In my almost fifteen years as an educator at a tertiary institution, many hours have been spent (during and after normal working hours) listening to tragic experiences and then trying, together with the student, to find practical and feasible solutions to those problems that are impacting negatively on their studies. Some of the experiences are so horrendous, the tears shed so pitiful and heart-breaking, that there is a wonder as to where is mankind going to? No matter how objective I am, a little part of me is always saddened and disillusioned by the emotional cruelty that is experienced by these young people. The more educated, the more wealthy, the more empowered, the more literate, the more democratic, the more everything we as society have become, the more we seem to be unable to express our thoughts, our feelings, our hurts, our disappointments, our anguish, our pain and when we do express these emotions verbally, they often come out as cutting, bitter, unforgiving, destructive and devastating words. To this end, the following extrinsic motivation techniques were developed and implemented after researching and adapting ideas and collating thoughts on how best to help students help themselves.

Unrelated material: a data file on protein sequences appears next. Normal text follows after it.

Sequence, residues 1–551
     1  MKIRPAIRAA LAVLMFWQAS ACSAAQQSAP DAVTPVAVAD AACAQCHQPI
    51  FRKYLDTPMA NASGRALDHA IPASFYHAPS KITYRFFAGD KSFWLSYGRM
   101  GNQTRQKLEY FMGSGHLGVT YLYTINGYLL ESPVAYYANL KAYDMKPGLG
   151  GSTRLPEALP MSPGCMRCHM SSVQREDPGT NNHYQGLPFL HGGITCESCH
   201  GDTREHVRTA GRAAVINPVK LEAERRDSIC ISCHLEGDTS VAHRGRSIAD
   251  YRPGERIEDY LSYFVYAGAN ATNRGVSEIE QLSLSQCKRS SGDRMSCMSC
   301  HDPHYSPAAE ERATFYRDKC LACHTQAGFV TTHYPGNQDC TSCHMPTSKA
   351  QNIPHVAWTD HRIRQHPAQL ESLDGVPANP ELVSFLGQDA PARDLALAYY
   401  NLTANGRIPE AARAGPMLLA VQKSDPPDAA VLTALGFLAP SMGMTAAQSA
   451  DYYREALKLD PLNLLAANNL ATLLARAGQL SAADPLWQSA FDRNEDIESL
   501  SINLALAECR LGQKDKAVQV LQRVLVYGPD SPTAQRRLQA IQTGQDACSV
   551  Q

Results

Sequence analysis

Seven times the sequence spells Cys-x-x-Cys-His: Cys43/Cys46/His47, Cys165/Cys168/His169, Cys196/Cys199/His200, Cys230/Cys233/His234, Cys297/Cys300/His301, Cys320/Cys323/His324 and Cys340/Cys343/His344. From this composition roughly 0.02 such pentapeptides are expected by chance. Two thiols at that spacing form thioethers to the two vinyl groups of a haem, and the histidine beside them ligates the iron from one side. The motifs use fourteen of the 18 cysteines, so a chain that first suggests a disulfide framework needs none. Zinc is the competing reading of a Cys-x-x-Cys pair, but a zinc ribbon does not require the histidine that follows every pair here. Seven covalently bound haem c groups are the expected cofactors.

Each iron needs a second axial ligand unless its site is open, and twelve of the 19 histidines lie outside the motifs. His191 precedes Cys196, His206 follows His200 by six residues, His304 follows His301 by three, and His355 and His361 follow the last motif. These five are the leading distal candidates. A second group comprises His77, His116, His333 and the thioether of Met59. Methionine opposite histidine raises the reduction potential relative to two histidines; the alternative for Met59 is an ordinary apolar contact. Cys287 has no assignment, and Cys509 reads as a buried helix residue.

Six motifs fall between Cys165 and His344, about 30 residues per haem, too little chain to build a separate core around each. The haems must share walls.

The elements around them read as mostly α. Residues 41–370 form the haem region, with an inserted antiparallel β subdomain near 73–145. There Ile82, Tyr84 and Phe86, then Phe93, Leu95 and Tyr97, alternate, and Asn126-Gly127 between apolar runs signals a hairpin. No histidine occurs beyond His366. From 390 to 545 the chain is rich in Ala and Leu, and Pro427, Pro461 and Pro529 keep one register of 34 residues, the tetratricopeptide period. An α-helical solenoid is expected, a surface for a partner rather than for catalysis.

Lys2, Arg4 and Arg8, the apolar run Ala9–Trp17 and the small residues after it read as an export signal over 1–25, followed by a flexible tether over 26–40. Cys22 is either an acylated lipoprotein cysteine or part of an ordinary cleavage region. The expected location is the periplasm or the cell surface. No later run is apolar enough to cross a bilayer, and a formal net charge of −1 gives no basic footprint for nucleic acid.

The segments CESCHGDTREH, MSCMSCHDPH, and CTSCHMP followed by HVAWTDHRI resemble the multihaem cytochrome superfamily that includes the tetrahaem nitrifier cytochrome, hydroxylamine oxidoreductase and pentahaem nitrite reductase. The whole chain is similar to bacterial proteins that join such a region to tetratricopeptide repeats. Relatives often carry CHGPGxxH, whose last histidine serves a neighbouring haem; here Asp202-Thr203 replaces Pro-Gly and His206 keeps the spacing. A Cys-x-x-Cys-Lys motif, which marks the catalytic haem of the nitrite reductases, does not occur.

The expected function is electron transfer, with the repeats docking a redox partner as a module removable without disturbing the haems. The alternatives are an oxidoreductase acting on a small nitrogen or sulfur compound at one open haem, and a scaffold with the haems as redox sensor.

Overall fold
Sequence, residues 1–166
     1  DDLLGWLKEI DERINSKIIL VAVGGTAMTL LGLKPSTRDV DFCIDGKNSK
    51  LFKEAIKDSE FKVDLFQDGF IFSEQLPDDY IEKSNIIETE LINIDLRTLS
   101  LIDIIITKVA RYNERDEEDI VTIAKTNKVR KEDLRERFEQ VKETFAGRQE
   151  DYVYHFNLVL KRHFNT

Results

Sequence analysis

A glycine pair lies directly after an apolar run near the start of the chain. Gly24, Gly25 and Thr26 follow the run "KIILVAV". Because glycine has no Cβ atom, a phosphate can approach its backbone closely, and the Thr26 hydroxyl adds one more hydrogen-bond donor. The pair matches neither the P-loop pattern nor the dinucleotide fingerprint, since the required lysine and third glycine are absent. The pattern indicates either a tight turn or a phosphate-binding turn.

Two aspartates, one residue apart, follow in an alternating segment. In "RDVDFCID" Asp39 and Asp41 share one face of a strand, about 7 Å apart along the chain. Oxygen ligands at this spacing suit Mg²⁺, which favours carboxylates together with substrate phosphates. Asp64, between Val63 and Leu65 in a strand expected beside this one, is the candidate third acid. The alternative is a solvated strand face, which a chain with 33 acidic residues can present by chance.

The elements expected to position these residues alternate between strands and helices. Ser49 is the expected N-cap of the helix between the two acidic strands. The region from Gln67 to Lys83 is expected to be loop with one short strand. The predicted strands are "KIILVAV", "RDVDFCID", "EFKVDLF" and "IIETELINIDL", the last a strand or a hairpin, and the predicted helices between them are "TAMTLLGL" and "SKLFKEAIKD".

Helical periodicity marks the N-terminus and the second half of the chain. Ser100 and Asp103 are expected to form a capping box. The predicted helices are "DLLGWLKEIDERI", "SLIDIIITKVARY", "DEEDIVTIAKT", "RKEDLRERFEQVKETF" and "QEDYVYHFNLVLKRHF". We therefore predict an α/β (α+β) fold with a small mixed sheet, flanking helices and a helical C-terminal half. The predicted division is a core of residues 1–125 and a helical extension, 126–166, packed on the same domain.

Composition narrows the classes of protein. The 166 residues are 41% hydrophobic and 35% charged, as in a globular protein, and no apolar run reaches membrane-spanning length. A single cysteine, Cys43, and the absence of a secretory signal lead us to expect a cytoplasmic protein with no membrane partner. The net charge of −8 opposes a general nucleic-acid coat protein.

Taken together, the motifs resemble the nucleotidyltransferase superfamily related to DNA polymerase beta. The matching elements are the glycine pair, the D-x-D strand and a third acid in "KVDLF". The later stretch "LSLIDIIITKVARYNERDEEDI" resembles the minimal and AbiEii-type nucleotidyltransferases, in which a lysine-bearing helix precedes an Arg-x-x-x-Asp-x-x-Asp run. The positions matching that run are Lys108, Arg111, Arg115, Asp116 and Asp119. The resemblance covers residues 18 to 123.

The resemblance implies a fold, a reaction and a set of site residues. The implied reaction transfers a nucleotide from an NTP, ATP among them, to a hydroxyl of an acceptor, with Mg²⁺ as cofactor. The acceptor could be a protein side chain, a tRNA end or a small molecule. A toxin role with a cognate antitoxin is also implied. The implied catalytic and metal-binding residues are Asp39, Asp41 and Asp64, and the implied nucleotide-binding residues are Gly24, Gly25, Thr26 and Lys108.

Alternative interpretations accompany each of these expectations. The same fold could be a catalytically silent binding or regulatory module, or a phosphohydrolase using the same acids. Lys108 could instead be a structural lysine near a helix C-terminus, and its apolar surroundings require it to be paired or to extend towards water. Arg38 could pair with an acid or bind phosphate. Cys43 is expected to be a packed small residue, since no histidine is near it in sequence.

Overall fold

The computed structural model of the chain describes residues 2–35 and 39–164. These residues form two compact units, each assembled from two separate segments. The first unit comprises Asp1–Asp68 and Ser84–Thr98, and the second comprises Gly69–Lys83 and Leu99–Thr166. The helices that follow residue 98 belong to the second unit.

2.1. The Power of Words

Positive reinforcement and constructive criticism never hurts, shatters or demeans. Negative reinforcement, on the other hand, can destroy dreams, hopes, goals and self-confidence. As educators, we should endeavour to never to play a role in the latter. How differently students can turn out when words like the following are uttered: “What is the matter with you? You are so useless! With an attitude like this, no wonder you failed” The list is endless. What power, as educators, we hold in our words! The two case studies below further elaborate on this concept.

2.1.1. Case Study 1

A student in both of my final year undergraduate classes failed his tests in the 1st term and attained marks less than 20%. I was quite dismayed at this. So firstly, I wondered where did I go wrong? What gaps existed in my teaching methodology that may have contributed to his failure? As well as reflecting on my teaching methods, I requested that he pay me a visit. When he entered the office, he was extremely nervous and fearful – obviously expecting the worse. The only words I said to him were: “Name, I believe that YOU have the POTENTIAL to do exceedingly well. (Pause) Bye-bye.” Well, there was silence for a minute and then he said: “Excuse me, Joy?” I said: “Name, I believe that YOU have the POTENTIAL to do exceedingly well. (Pause) Bye-bye.” “Is that it?” he said. I said: “Yes, that’s it!